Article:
The US government has formally sued Volkswagen over the emissions-cheating software that was found in nearly 600,000 vehicles sold in the country - exposing the company to potentiallion billions of dollars in fines.
The civil complaint against the German automaker, filed on behalf of the Environmental Protection Agency, alleges the company illegally installed software designed to make its “clean diesel” engines pass federal emissions standards while undergoing laboratory testing.
The vehicles then switched off those measures to boost performance in real-world driving conditions, spewing greenhouse gases at up to 40 times what is allowed under federal environmental standards, the Associated Press said.
“Car manufacturers that fail to properly certify their cars and that defeat emission control systems breach the public trust, endanger public health and disadvantage competitors,” said John Cruden, the assistant attorney general for the Justice Department's Environment and Natural Resources Division.
“The United States will pursue all appropriate remedies against Volkswagen to redress the violations of our nation's clean air laws alleged in the complaint.”
The company is in the midst of negotiating a massive mandatory recall with US regulators and potentially faces more than $18bn in fines for violations of the federal Clean Air Act.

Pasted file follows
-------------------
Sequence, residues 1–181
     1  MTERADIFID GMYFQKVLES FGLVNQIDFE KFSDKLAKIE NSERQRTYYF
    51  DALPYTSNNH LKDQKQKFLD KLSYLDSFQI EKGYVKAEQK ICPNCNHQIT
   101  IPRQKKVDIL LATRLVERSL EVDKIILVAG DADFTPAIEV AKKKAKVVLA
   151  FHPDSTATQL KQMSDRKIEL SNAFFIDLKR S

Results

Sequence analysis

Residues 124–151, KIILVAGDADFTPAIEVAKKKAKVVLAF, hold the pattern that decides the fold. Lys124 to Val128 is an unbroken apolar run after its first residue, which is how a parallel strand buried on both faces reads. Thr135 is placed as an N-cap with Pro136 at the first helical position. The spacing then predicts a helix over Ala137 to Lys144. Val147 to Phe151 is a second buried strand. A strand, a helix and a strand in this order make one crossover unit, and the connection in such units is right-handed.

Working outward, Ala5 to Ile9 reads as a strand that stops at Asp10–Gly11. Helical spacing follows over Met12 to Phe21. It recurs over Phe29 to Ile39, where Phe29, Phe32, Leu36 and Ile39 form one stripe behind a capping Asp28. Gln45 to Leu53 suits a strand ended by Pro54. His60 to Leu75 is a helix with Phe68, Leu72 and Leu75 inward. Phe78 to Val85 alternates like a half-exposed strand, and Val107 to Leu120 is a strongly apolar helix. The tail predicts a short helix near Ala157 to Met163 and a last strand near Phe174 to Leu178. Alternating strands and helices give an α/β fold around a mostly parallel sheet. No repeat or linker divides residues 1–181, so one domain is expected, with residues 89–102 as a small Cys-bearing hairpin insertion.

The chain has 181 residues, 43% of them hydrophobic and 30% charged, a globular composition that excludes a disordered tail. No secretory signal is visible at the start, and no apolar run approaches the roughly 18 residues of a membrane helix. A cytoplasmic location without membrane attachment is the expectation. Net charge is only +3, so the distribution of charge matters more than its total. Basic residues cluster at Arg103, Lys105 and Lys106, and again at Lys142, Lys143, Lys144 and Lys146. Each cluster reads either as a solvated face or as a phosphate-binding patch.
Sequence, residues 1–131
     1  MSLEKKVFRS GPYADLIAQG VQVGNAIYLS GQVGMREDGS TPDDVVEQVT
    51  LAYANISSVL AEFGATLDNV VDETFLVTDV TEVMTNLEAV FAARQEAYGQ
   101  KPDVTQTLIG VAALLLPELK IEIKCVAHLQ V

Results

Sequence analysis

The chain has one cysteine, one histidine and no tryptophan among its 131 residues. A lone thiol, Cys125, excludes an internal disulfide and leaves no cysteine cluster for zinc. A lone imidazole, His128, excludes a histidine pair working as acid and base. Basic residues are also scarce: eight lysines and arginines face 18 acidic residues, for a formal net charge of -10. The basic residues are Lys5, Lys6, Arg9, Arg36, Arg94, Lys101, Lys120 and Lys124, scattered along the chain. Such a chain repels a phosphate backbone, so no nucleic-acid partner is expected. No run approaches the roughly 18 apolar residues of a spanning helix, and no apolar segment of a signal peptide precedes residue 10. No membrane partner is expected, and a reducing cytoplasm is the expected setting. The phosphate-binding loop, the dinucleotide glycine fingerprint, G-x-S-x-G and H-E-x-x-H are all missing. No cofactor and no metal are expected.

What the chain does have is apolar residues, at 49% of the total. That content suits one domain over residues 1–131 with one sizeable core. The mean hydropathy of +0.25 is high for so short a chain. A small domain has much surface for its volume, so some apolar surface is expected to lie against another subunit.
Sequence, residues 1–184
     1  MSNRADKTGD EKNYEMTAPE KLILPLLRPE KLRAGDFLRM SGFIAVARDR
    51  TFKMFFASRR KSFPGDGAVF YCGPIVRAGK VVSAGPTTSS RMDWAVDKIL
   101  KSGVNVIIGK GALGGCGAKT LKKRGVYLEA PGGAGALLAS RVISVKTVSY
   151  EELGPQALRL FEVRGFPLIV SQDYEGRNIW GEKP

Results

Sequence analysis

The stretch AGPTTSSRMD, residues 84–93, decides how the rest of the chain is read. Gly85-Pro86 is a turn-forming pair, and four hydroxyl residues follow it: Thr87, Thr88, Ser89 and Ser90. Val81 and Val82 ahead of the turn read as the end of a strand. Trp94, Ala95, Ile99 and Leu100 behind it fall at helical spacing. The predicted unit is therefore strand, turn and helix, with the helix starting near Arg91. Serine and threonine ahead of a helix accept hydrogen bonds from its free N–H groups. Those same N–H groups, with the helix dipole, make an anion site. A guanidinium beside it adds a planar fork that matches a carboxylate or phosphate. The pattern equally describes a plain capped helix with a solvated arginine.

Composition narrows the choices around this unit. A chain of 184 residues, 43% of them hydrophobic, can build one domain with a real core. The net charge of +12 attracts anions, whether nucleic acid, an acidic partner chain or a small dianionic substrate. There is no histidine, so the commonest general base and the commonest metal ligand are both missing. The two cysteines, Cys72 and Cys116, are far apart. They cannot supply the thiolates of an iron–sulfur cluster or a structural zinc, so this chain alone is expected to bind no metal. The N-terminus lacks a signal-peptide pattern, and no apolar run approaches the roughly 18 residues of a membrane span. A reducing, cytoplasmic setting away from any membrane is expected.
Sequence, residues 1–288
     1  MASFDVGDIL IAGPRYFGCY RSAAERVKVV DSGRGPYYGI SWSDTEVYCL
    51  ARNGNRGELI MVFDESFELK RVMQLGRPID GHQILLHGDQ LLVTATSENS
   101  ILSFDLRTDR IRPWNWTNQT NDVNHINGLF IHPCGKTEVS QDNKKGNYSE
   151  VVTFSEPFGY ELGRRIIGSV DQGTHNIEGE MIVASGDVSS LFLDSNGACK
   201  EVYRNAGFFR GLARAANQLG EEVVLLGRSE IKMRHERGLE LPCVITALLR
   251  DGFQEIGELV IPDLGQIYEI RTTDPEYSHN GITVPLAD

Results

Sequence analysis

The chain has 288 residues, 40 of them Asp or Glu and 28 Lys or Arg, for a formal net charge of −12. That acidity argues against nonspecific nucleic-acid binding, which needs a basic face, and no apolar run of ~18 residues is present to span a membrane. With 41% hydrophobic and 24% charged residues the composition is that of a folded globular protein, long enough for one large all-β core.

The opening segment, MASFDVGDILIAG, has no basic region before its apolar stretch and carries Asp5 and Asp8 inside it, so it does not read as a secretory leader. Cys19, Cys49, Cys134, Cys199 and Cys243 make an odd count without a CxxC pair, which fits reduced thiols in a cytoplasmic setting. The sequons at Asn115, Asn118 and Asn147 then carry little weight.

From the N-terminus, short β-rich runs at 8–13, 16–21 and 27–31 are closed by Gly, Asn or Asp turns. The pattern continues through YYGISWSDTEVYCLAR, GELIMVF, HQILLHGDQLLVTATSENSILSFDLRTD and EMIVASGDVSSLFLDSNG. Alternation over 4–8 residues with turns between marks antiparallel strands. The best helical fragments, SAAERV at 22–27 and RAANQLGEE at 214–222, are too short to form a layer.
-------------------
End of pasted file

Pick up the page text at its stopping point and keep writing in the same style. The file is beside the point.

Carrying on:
The company and its executives could also still face separate criminal charges, while a raft of private class-action lawsuits filed by VW owners are pending.
Volkswagen Group of America spokeswoman Jeannine Ginivan said on Monday that the company “will continue to cooperate with all government agencies investigating these matters.”
The federal lawsuit alleges that Volkswagen intentionally tampered with the vehicles sold in the US to include what regulators call a “defeat device”, a mechanism specifically designed to game emissions tests. Under the law, automakers are required to disclose any such devices to regulators.
Because Volkswagen kept its suspect software secret, the lawsuit alleges the company's cars were sold without a valid “certificate of conformity” issued by EPA to regulate new cars manufactured or imported into the country.